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The Boston Globe

Metro

Lives upended in crime scene

Geshe Tenley, a monk from the Kurukulla Center in Medford, visited the memorial at Boylston and Berkeley streets.

Bill Greene/Globe Staff

Geshe Tenley, a monk from the Kurukulla Center in Medford, visited the memorial at Boylston and Berkeley streets.

James Brennan, an employee of Sugar Heaven, a candy store at 669 Boylston St., walked inside the largest crime scene in the history of Boston on Wednesday to help authorities in their search for the person or persons who set off bombs at the Boston Marathon finish line.

He walked back out between the steel barriers, which have walled off the Copley Square neighborhood while police search for forensic evidence, at Newbury and Exeter streets at 2:30 p.m.

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“I went in the store, gave them the video surveillance, we reviewed some of the footage,” he said. “We did have video surveillance of the actual moment when the blast went off. As far as any suspect, we didn’t see anything particularly revealing.”

For the first time since Monday’s explosions, residents of the Exeter Towers, located inside the perimeter, were allowed in their units briefly.

Boston police had closed off a 15-block area to allow for a detailed search for physical evidence that could lead to the person or persons responsible for Monday’s act of terrorism that killed three people and wounded more than 170.

Wednesday afternoon, police said they had completed their search on Belvidere and Dalton streets, and allowed the public access, opening the way for some people who had been evacuated from hotels to return to their rooms.

State Police also reopened Exit 22 on the eastbound side of the Massachusetts Turnpike, but only for traffic heading to the Prudential Center. The ramp to Copley Square remains closed, State Police said.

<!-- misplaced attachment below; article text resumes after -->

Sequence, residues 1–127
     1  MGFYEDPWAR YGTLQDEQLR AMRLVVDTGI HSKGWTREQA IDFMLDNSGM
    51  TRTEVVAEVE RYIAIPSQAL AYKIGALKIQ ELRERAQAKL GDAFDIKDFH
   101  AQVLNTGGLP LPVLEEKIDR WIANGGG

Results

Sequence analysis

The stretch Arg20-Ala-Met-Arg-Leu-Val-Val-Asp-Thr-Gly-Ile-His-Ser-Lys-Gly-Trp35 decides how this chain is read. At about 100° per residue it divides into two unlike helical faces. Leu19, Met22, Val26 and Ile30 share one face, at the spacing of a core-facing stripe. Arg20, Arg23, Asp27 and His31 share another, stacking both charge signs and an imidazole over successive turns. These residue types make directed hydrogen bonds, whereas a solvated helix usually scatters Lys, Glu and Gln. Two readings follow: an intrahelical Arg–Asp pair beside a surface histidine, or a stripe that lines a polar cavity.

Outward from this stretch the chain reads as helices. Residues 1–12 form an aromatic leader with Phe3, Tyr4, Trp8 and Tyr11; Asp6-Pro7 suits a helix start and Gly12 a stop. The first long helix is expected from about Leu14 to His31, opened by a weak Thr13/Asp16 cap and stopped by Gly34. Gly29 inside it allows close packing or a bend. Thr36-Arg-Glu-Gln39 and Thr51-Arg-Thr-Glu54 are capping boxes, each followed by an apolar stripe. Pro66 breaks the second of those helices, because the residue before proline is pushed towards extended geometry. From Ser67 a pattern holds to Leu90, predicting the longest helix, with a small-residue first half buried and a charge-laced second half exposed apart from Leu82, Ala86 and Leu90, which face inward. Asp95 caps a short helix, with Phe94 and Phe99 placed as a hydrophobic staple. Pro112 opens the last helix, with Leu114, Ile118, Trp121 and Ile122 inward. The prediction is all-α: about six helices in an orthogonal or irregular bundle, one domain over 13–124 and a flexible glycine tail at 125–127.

At one point, in what may be a signal more streets will soon be reopened, investigators wearing white booties over their shoes and white haz-mat suits stood shoulder-to-shoulder and walked down the sidewalk in the crime scene.

Emily Fayen, a representative of the Neighborhood Association of the Back Bay, said that while her neighborhood is not part of the area that has been or is still restricted, the daily routine for many residents has been altered by the numerous news trucks and live reporting set-ups on Commonwealth Avenue.

“Of course, that is a minor inconvenience compared to what the victims and their families have endured,” Fayen said.

Meanwhile, Boston police started allowing the residents, one by one, into the nine-story, red-brick Exeter Towers complex at 28 Exeter St. on Tuesday.

A Museum of Fine Arts photography student frantically grabbed clothes and photographs from her apartment, going several minutes over the five she was allotted.

“I have finals now, and I’m a mess,” said the woman. “I’m the only one in my school, apparently, who has to deal with this. The school is OK, though, if I have to miss the finals, they’re OK with that.”

Minutes later, Beryl Oremland, a resident of the building for two years, grabbed dog food and a computer she needed for her job.

“Those were the two most important things, everything else we can buy,” she said, pulling her large rolling luggage with those two items inside.

She added: “It’s an inconvenience, but we’re safe and that’s all that matters, we’re fine.”

Brian Ballou can be reached
at bballou@globe.com.
Follow him on Twitter
@globeballou
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